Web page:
- and please stop suggesting that parameter values within a CI are more likely that outside the CI.

Thanks, authors!

**f2harrell**#109

One minor thing: most compatibility intervals, when computed correctly, are asymmetric. So I don’t prefer the use of standard errors.

**mdonoghoe**#110

I’m currently negotiating with some clinical collaborators about the wording to be included alongside some odds ratios and their associated significance tests. Two sections in particular have become sticking points, and I was hoping to get some feedback or suggestions. NB X and Y are different things in the two Sections.

**Section 1**

Original:

Nevertheless, there remained no statistically significant difference in the multivariable analysis, despite a trend for decreased Y when X was used (p = 0.06; OR 0.53 [95% CI 0.27 – 1.02])

My suggestion #1:

Multivariable analysis indicated that the use of X was associated with a lower rate of Y, although we could not rule out a small adverse association at the 5% significance level (p = 0.06; OR 0.53 [95% CI 0.27 – 1.02]).

My suggestion #2:

We observed a lower rate of Y in patients with X, but the multivariable analysis returned a wide plausible range for the magnitude of the association and we could not exclude the possibility that there is no association or a small adverse effect at the 5% significance level (p = 0.06; OR 0.53 [95% CI 0.27 – 1.02]).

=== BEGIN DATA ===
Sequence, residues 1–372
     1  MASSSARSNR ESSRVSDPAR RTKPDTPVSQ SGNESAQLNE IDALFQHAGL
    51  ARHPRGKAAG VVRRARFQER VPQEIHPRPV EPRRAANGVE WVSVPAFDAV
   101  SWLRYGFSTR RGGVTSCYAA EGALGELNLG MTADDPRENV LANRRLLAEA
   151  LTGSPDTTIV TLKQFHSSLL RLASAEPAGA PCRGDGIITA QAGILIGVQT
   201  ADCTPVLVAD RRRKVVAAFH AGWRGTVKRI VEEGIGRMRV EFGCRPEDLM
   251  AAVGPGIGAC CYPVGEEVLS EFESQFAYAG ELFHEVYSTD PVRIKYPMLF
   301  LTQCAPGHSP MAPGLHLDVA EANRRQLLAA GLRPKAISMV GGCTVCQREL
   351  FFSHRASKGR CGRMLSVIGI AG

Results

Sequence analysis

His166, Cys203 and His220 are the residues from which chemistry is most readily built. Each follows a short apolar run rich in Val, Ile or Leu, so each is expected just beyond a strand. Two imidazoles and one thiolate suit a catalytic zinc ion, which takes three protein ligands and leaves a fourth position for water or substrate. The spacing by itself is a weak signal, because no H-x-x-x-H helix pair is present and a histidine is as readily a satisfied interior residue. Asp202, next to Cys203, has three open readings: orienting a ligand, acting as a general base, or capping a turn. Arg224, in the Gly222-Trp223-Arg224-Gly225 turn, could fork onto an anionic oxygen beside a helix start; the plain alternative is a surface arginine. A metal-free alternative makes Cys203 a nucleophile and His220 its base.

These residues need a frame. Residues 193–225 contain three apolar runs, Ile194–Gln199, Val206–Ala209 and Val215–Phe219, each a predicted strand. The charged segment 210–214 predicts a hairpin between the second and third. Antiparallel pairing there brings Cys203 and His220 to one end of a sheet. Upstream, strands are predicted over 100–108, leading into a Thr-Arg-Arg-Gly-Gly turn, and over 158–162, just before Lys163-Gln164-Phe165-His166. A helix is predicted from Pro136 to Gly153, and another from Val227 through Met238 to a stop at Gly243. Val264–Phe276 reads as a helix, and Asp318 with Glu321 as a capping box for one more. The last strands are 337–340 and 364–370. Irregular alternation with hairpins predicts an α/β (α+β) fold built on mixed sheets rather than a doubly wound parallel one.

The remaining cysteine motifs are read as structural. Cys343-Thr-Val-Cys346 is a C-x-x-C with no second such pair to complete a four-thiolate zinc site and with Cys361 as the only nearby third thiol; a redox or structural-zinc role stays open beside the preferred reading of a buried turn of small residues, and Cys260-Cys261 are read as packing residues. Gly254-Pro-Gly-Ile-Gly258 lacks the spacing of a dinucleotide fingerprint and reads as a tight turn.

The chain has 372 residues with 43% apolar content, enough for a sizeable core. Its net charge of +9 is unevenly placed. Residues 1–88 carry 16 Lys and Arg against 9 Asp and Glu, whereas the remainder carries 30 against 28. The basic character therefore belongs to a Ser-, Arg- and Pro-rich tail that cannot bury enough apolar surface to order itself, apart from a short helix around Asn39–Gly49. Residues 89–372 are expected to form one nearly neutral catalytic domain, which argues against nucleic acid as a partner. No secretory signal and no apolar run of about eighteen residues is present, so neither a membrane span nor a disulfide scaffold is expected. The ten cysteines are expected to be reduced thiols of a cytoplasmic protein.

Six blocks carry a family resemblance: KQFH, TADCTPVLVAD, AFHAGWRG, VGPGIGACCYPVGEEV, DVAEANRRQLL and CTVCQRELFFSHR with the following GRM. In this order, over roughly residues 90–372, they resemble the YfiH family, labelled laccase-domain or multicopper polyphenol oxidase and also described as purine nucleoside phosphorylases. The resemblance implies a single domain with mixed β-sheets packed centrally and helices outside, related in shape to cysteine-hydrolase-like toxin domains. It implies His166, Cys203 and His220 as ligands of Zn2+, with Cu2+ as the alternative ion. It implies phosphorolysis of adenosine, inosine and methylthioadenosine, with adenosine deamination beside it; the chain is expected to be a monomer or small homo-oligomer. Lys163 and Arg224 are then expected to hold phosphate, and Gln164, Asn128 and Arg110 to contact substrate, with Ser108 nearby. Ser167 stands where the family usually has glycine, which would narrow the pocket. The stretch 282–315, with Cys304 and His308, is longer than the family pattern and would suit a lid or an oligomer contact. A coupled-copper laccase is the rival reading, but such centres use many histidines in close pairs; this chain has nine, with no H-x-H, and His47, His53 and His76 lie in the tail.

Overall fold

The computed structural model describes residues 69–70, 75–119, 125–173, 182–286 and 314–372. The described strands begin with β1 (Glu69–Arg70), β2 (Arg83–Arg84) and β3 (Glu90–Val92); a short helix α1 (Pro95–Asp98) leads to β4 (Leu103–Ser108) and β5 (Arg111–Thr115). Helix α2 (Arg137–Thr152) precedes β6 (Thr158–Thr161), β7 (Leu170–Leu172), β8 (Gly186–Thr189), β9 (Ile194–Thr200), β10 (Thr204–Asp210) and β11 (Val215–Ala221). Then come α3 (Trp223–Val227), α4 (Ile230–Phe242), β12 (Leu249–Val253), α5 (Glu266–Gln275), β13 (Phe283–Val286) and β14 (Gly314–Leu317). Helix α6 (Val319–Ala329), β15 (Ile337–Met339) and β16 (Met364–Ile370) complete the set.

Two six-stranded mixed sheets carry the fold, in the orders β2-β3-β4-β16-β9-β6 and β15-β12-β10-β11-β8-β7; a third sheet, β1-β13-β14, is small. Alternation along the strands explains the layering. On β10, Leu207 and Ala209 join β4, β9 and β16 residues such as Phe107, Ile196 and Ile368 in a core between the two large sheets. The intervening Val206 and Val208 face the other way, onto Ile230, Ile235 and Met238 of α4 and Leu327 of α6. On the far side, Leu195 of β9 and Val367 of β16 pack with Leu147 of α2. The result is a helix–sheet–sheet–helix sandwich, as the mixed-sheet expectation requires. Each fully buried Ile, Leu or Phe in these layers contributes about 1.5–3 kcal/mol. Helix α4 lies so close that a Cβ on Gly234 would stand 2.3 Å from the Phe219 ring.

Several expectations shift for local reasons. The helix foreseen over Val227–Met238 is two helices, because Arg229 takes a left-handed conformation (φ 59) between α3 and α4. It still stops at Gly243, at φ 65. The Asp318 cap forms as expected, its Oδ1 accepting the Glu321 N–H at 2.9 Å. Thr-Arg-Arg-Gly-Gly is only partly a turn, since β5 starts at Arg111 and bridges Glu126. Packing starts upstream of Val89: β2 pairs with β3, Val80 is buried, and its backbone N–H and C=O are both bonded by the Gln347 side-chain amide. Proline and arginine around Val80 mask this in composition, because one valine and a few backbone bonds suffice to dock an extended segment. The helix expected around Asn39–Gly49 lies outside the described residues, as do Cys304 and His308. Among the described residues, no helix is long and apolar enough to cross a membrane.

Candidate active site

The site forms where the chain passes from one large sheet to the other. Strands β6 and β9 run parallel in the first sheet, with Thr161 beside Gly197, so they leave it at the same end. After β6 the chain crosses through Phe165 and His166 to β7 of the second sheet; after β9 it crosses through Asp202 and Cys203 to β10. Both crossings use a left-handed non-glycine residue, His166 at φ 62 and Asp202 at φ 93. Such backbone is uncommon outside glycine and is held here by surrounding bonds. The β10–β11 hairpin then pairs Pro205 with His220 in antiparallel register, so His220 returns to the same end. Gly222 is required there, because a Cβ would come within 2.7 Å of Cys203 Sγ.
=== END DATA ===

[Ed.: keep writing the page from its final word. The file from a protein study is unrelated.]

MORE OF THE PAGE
**Section 2:**

Original:

We found no significant relationship between the addition of X and an increased incidence of Y (p = 0.4; OR 1.61 [95% CI 0.53 – 4.90]).

My suggestion #1:

Although the addition of X was associated with an increased incidence of Y in our data, we could not rule out the possibility of no difference, or a large protective effect (p = 0.4; OR 1.61 [95% CI 0.53 – 4.90]).

My suggestion #2:

Although there was a slightly higher rate of Y in patients who received X in our data, the wide 95% confidence interval indicates that we cannot draw a strong conclusion about the strength or direction of the true association (p = 0.4; OR 1.61 [95% CI 0.53 – 4.90]).

I’d be grateful for anyone’s thoughts.

**f2harrell**#111

I really like your presenting alternate wordings here hope that others respond also. I like the last suggestion of each section. I do prefer *compatibility interval* for *confidence interval* but you have to choose how many battles to fight in the war.

**PaulBrownPhD**#112

i have to say it, i really hate the expression “multivariable analysis”. They were saying multivariate but that was technically incorrect, and at some point they switched to “multivariable”. But every analysis is multivariable, thus it’s not a useful description, and better to specify the model used. Regarding the rest of it, i’d let the reader interpret the results rather than impose an interpretation according to the p-value criterion, to the extent that you can get away with it that is, which might not be much, you might say it was “suggestive of an association”. Unlike every other stato, i dont care so much about the p-value strife